Difference between loan and credit

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The words loan and credit in the colloquial language and even in more technical fields such as the legal one are practically equivalent.

For example, the first meaning in the Dictionary of the Royal Spanish Academy of “credit” is “amount of money or other means of payment that a person or entity, especially banking, lends to another under certain conditions of return.” Another example: a transcendental law for mortgage loan consumers, that is, for almost all of us during some years of our lives, is called the “Real Estate Credit Contract Law.”

Once we can rest assured with the certainty that we can use both terms interchangeably, it is convenient to know the differences between loans and credits when we refer to them as financial products.

What is a loan?

A loan is defined as a contract under which a financial entity (“Lender”) delivers to its client (“borrower”) a certain amount of money (“principal”, “principal”) in exchange for its return in a given term and according to agreed conditions, entailing the payment of the corresponding interests.

Normally the form of payment of the loans is monthly, paying the first receipt just the month following the signature. Receipts are always the same, including both interest (which is technically the price of money) and a part of the capital borrowed. This form of payment is called the “French amortization system”.

It is interesting to keep in mind that each receipt interest is paid only for the outstanding capital at each time. For this reason, less and less interest is paid on each monthly receipt, because less capital is owed every month. The difference between the total amount of the installment and the corresponding interest is the part that is destined to pay the capital of the loan.

If we assume a loan of 10,000 dollars for a 12-month term and an interest rate of 6.0%, the resulting installment will be $ 860.66. The amount of the fee can be calculated, for example, in the simulators available on the websites of the Bank.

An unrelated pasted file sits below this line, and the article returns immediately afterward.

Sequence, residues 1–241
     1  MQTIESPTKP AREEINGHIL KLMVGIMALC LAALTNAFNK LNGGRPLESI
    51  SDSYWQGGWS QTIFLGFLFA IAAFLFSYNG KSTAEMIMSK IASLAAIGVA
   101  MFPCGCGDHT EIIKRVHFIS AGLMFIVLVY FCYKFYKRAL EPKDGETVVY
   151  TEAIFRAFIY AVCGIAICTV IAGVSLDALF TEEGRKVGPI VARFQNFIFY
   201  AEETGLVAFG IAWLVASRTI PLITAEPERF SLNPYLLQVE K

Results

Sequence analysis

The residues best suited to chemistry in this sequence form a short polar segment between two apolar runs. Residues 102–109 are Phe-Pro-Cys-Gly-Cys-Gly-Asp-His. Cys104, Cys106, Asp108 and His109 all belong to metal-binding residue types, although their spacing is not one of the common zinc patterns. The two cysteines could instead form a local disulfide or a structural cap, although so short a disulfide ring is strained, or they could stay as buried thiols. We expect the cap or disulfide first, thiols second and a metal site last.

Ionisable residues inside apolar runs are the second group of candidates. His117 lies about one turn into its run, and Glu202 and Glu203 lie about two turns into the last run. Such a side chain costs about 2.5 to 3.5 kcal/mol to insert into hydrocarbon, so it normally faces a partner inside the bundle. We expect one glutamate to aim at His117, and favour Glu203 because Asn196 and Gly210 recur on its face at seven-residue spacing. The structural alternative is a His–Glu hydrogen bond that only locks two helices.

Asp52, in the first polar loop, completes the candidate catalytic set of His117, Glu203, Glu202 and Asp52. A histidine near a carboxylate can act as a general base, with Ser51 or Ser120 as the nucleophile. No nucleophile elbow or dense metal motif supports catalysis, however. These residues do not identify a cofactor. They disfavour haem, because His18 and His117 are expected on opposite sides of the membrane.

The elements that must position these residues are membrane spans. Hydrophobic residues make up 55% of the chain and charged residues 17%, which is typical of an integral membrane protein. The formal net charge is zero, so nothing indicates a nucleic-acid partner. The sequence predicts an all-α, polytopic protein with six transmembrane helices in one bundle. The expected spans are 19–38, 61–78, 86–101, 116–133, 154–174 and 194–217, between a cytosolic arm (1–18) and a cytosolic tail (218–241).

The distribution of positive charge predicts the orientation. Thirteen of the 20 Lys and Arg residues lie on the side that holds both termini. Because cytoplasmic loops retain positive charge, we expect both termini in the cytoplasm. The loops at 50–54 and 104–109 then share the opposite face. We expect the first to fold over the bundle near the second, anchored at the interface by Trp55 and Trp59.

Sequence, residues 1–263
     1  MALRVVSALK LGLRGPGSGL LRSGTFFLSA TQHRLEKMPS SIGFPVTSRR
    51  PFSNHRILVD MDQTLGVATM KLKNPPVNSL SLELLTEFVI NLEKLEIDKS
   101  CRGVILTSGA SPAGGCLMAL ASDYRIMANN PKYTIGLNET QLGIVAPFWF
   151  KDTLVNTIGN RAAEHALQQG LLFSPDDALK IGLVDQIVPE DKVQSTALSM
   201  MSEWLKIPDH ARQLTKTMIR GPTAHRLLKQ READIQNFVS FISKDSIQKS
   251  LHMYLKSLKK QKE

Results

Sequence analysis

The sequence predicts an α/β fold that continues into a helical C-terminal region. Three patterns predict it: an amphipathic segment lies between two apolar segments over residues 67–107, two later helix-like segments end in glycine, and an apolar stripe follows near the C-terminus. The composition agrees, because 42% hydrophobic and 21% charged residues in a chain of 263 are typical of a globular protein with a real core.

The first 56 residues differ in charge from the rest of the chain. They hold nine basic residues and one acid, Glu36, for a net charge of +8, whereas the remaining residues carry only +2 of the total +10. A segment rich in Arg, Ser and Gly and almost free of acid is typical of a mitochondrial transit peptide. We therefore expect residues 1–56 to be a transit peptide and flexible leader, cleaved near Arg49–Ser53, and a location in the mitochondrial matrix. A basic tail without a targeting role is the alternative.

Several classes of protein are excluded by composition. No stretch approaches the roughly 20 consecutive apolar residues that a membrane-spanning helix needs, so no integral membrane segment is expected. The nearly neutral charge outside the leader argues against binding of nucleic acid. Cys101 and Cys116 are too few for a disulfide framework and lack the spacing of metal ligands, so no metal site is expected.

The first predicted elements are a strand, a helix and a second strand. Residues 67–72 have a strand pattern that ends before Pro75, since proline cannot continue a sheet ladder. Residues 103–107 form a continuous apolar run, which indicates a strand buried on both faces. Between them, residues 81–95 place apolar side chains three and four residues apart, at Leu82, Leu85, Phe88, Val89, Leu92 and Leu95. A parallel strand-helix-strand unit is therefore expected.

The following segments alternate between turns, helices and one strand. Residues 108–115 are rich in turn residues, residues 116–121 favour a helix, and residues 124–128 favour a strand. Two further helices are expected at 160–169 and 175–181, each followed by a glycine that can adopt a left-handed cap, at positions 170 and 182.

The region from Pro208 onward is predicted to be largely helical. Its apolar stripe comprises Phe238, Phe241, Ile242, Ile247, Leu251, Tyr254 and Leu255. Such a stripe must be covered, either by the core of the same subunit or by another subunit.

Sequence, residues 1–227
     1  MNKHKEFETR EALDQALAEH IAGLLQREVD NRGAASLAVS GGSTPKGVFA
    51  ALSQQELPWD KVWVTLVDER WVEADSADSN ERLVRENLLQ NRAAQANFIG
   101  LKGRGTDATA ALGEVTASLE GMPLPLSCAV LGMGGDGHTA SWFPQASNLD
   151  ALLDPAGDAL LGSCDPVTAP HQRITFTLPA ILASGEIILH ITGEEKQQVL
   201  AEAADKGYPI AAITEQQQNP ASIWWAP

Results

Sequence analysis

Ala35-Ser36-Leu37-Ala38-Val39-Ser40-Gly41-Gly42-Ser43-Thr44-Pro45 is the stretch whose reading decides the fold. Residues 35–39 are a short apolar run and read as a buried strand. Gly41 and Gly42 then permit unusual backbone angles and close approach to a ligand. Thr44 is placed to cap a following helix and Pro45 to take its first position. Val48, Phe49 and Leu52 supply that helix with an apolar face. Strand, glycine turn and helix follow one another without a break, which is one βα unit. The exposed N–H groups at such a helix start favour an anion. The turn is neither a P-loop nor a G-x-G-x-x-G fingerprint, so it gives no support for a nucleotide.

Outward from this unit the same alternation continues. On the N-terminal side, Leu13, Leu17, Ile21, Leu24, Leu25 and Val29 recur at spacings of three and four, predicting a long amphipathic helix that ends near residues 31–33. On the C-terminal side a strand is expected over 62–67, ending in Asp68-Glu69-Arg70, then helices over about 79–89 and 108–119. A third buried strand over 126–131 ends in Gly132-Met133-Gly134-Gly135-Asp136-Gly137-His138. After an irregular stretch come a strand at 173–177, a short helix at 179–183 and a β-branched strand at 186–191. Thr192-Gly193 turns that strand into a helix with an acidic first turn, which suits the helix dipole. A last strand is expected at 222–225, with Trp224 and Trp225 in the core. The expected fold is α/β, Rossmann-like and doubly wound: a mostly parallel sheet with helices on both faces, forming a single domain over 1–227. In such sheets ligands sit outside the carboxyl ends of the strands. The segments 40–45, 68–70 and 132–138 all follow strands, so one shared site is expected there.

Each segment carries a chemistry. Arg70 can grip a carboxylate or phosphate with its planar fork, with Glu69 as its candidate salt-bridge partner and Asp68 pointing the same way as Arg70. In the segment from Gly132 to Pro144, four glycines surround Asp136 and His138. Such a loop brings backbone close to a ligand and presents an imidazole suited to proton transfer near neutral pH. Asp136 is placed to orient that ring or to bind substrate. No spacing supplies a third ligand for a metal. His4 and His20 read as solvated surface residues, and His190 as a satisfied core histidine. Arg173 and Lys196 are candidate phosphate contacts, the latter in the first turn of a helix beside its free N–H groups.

If you add the interest of all fees the total amount will be $ 327.96. That is, it will not be the $ 600 (6% on 10,000 dollars) that some readers would expect. This is precise because of the comments that interest is only charged for the capital borrowed at any time.

Not all loans conform to the definition expressed above

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In some cases, loans may be available gradually. On other occasions, capital does not begin to be returned from the beginning but after what is called a period of lack.

For the first case, let’s think of a private individual who is going to build a house. Or in large investment projects such as a toll highway. The logical thing in these cases is to have the financing available as the investment progresses. The borrower, on the one hand, avoids paying interest for the money he has not used. On the part of the bank, it is guaranteed that your funds will be used exclusively for the intended purpose.

In the second case, we are facing loan modality with a period of lack. This means that during an initial period (six months or one or two years) the borrower only pays interest and not capital. This modality is justified by new investments that require a shooting period.

It is expected during the initial phase of investment and start-up and when it begins to generate recurring income, the principal of the loan begins to be paid. It should be borne in mind that there are no periods of lack of interest, they are only granted for capital.

What is credit?

What is a credit?

While loans are used by both individuals and companies, credit accounts are used by companies, professionals, and freelancers.

With a specific meaning, a credit is a contract under which the financial institution makes available to the client (called “credited”) a certain maximum amount of money (“credit limit”) for a specific period (usually one year), in exchange for the payment of interest (for the amounts arranged) and for a series of commissions (normally opening and availability).

From a functional point of view, loans are financial instruments that are used by companies to finance their working capital needs: financing of purchases and stocks, financing of accounts receivable from customers, etc.

Credit accounts, therefore, are very common products for companies. For banks, from a risk point of view, granting credit accounts to their clients allows them to know their businesses quite well. Operational operation is identical to that of a checking account. Therefore, the daily movements of these accounts are a reflection of the daily activity of the company: collections, payments, direct debits, customers, suppliers, etc.

As with loans, the bank charges interest exclusively for the capital arranged. In the case of loans, interest is calculated day by day according to the amounts provided. In addition to interest, banks charge a commission for the average undrawn balance (“availability fee”).

Banks seek to meet the financing needs of individuals and companies. Loans and credits are two basic products for this. Very different from each other in the details, although in the colloquial and even professional language both words are used for the same concept.

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